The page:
Deafheaven – 10 Years Gone: Album Review

Deafheaven release 10 Years Gone; a live album in lieu of not being able to tour for their ten year anniversary. It’s rather special.

Released: 4th December 2020

Label: Sargent House

Format: CD / LP / Digital

Deafheaven are a band that have long been at odds regarding whether to give you a cuddle or punch you in the mouth. If Deftones are the kings of the loud/quiet aesthetic, then these guys undoubtedly take the beauty/brutality throne.

10 Years Gone is being released as a kind of apology for the band not being able to do a ten year anniversary tour due to you know what. This is what the set list for said tour was due to look like, meaning this essentially acts as a kind of greatest hits.

For the uninitiated their sound hops mercilessly between elements of black metal, post-rock, alt-rock and shoegaze, amongst others. Merciless being the key word here. At times they sound more like Smashing Pumpkins than Smashing Pumpkins, at others they channel the relentless fury of the likes of Bathory. What they always do though is surprise you, through a sound that weaves in, out and beyond many worlds.

Picture: Bobby Cochran

Oftentimes these genre bender types of bands can fall foul of having too much going on, but in my opinion Deafheaven absolutely own this and have as good as cemented themselves as their own sub-genre. Sub-genre of which genre, is up for debate, but over the course of their four superb studio albums, they have done what they do extremely well. And 10 Years Gone plots the course of their career tremendously.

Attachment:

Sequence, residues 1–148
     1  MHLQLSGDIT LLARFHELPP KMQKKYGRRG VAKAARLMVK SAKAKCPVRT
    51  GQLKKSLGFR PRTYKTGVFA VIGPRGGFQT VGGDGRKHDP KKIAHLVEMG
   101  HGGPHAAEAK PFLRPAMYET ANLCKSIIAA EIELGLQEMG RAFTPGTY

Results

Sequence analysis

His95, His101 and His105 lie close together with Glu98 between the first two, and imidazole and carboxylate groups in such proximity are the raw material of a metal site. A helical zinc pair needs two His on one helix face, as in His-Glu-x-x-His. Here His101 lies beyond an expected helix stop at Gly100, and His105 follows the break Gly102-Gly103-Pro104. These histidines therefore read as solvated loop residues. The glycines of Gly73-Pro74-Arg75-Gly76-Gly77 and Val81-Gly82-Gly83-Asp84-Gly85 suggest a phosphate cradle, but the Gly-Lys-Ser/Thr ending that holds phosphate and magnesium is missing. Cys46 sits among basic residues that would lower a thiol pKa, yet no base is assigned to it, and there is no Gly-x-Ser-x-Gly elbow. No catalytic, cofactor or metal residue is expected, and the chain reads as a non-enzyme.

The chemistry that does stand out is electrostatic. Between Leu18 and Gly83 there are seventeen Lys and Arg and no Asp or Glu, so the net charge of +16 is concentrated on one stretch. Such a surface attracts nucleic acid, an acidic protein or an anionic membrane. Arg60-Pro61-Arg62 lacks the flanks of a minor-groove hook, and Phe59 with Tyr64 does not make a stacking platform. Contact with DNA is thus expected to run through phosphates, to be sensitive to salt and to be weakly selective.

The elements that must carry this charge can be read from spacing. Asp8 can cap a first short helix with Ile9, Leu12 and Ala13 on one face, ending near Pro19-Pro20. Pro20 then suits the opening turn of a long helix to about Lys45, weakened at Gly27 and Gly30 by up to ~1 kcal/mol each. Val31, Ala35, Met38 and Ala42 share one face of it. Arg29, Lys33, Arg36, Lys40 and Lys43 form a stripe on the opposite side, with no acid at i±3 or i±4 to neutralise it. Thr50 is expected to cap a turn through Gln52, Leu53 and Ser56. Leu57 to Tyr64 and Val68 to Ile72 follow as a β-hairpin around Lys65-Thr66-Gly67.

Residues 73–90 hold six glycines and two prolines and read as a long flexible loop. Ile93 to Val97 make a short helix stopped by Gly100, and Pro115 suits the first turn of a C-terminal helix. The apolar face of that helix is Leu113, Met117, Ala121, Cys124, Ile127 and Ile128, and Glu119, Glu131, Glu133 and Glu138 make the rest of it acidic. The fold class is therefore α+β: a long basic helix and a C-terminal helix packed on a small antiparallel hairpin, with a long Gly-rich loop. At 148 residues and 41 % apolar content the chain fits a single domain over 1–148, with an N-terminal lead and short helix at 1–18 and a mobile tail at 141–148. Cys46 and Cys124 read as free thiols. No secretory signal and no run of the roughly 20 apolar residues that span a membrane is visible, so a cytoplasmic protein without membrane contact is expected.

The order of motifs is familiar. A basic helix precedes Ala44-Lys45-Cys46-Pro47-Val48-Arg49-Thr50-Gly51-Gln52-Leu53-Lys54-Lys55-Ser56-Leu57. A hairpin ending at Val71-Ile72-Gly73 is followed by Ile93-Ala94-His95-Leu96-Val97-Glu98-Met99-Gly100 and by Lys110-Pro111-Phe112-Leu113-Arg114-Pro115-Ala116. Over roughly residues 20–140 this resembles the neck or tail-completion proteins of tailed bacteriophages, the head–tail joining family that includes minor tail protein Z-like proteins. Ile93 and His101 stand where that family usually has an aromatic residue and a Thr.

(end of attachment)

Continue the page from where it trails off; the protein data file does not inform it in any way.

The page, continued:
The album opens with From The Kettle Onto The Coil. A fan favourite released as a single between the Sunbather and New Bermuda albums. A stunningly relentless attack on the senses that offers a brief and beautiful hiatus at the halfway point. Then after indulging in the visceral Daedalus – the first song Clarke and McCoy ever wrote together – I have to double and triple check that this is indeed a live album. It is. Now I have not had the pleasure of seeing Deafheaven live before, but if this is what lies in wait then I will be skipping my masked face merrily to the front of the queue. To my untrained ears this sounds utterly faultless.

I could go through the track list and tell you just how good each song is, but it wouldn’t make for great reading. It would basically descend into an exercise in flicking through a thesaurus to find unused superlatives. By the time the stupefying ( closing track Dream House had come to an end, I was left a little exhausted. Even though I was familiar with all the songs on the album, it felt so new and fresh to me in a way the ‘best ofs’ rarely come close to achieving

It is tricky though to recommend Deafheaven to everyone. The foundations of their sound are steeped in elements of black metal, which can be quite off-putting to the fainthearted. What I would say to those unfamiliar with the genre is, give it a shot. This could be the bridge you need to open up a whole new world.

Listen to Glint from 10 Years Gone from Deafheaven.

Deafheaven: Website / Twitter / Instagram / Facebook

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